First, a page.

Is it possible to charge the vehicle under cover or at the very least with the charger under cover bearing in mind that it may take up to 12 hours to charge a machine?

There are a variety of different covers that can keep a machine dry in all weathers, from a small shed, a tarpaulin cover with a frame to a heavy duty nylon cover that rests on top of the machine.
Equipment stored outside will always be more susceptible to rust, mildew etc.

If security is likely to be a problem then something that is lockable would be sensible.

Is there sufficiently good access to get the vehicle to where you want to park it?

Is it parked in area that will not restrict anybody else's access?

What is the difference between a rear wheel drive and mid/front wheel drive Powerchairs?

Rear wheel drive chairs usually have larger rear wheels, and the drive and consequently the steering is through the rear wheels.

Front wheel drive chairs have larger front wheels and the drive and consequently the steering is through the front wheels.

Mid wheel drive chairs often have slightly smaller wheels which are usually situated under your bottom.

Each wheel position has advantages:

• Rear wheel drive chairs are generally better over rougher ground and at hill climbing
• Front wheel drive chairs are better going down steep hills, and are more stable if transferring from the front
• Mid wheel drive chairs are better indoors as they can turn around in their own length

Can I use a ___ left-handed?

All the powered equipment we have can be changed to left hand use with relative ease, usually within a few minutes.

What if I get a puncture?

All of our powered mobility vehicles with pneumatic tyres can have a puncture resistant filling in the inner tube.

This filling is about 80% effective on punctures, and unless it is a large hole it should seal the hole sufficiently to allow you to complete your journey.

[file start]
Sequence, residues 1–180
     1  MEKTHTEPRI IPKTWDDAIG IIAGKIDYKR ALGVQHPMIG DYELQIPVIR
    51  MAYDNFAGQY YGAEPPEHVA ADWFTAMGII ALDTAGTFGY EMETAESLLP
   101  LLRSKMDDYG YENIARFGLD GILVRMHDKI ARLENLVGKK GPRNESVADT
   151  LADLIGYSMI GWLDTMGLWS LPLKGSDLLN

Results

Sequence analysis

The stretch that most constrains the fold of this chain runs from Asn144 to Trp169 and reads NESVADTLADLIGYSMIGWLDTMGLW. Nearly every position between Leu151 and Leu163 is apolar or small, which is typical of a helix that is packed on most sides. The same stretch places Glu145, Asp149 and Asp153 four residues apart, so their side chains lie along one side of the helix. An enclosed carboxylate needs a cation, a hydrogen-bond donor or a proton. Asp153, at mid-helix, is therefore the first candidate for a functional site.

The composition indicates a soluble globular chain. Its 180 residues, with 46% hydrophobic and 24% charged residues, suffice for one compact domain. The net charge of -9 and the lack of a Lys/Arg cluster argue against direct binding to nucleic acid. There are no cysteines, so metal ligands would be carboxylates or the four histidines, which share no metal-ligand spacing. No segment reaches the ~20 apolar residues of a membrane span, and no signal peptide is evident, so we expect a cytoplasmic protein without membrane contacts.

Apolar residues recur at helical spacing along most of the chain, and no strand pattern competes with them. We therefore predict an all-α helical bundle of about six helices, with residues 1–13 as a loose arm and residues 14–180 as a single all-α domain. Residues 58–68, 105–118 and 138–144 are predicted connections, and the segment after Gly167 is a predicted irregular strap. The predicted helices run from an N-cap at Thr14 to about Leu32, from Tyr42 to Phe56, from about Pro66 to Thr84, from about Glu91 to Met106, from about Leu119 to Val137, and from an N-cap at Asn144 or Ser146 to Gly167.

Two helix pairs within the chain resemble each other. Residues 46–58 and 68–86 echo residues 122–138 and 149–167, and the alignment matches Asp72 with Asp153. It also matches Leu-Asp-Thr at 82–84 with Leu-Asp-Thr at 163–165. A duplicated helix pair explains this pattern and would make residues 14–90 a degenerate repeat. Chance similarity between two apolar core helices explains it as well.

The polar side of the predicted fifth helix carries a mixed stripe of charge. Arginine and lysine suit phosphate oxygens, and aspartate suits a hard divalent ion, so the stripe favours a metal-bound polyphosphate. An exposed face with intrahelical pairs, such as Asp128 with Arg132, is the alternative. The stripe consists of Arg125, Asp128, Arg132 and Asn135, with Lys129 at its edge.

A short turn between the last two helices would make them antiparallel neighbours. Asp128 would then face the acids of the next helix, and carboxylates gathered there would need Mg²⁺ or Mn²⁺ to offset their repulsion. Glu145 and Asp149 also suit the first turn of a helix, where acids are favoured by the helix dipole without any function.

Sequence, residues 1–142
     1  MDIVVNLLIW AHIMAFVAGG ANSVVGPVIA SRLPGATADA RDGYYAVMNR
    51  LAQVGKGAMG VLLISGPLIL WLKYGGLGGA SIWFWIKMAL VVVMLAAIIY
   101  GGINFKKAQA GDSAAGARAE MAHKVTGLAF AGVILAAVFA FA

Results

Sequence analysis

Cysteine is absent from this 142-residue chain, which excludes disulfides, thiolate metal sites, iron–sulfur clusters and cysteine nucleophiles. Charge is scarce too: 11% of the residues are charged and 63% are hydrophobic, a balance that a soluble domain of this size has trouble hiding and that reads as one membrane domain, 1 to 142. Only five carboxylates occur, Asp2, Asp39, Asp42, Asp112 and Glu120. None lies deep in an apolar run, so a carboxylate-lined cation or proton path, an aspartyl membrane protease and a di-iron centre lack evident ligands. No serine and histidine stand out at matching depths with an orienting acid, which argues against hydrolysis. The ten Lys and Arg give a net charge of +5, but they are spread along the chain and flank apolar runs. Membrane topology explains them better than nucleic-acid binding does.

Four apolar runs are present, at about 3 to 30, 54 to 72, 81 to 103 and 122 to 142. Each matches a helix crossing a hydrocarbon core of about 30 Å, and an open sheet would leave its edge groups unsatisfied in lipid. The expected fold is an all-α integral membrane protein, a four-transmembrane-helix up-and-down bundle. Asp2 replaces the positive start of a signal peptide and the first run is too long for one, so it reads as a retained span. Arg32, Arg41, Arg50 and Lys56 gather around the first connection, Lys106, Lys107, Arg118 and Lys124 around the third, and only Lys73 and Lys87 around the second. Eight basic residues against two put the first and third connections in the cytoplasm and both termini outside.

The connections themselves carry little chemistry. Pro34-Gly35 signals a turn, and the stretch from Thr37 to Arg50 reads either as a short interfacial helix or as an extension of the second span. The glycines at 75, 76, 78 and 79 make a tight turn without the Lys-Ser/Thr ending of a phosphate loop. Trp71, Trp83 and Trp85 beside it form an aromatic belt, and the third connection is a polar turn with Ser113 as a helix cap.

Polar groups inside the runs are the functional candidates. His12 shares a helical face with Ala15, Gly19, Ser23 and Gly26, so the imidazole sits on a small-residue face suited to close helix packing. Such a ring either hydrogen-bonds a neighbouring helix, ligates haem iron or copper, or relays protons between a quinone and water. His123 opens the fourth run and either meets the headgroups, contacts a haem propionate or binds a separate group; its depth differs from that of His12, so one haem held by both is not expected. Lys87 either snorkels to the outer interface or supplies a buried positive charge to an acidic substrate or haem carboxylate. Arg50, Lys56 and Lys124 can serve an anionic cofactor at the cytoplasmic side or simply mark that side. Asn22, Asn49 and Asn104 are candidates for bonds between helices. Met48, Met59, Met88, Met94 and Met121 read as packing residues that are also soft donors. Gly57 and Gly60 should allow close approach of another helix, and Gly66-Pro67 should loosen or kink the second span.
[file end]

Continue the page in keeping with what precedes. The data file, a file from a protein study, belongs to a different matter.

Some users will carry an emergency inflation and repair kit that will do a similar job. These are available at most bike suppliers.

Any vehicle can be fitted with solid tyres so eliminating the possibility of a puncture, but it will make the ride a little less comfortable.

What if I have a breakdown?

We do not offer a recovery/breakdown service, though we can supply you with details of insurance to cover this if it is required.

We will repair any items that are not working as soon as we possibly can.

Wherever possible we will repair any equipment at your home.

If we have to recover the vehicle to our workshop for repair, then it will be returned to you as soon as we possibly can, and if there is something suitable available, we may lend you a similar item free of charge until yours is repaired.

Above all we will try and get you mobile again as soon as we can.

We select and supply only items of quality; however all items of electrical equipment can be prone to the occasional breakdown.

Should this occur, first of all make sure that you are not in a position of any danger to yourself or others. If you are, obtain help from any passers-by to move into a place of safety (most people are very obliging when asked). Secondly contact someone for help (it is worth carrying a mobile phone with you whenever you are out). If you have breakdown and recovery insurance, now is the time to use it.

If you can recover the equipment to your home, so much the better. If not, try and ensure that it is left somewhere that is secure.

Thirdly, contact us and we will arrange to repair it as soon as we can.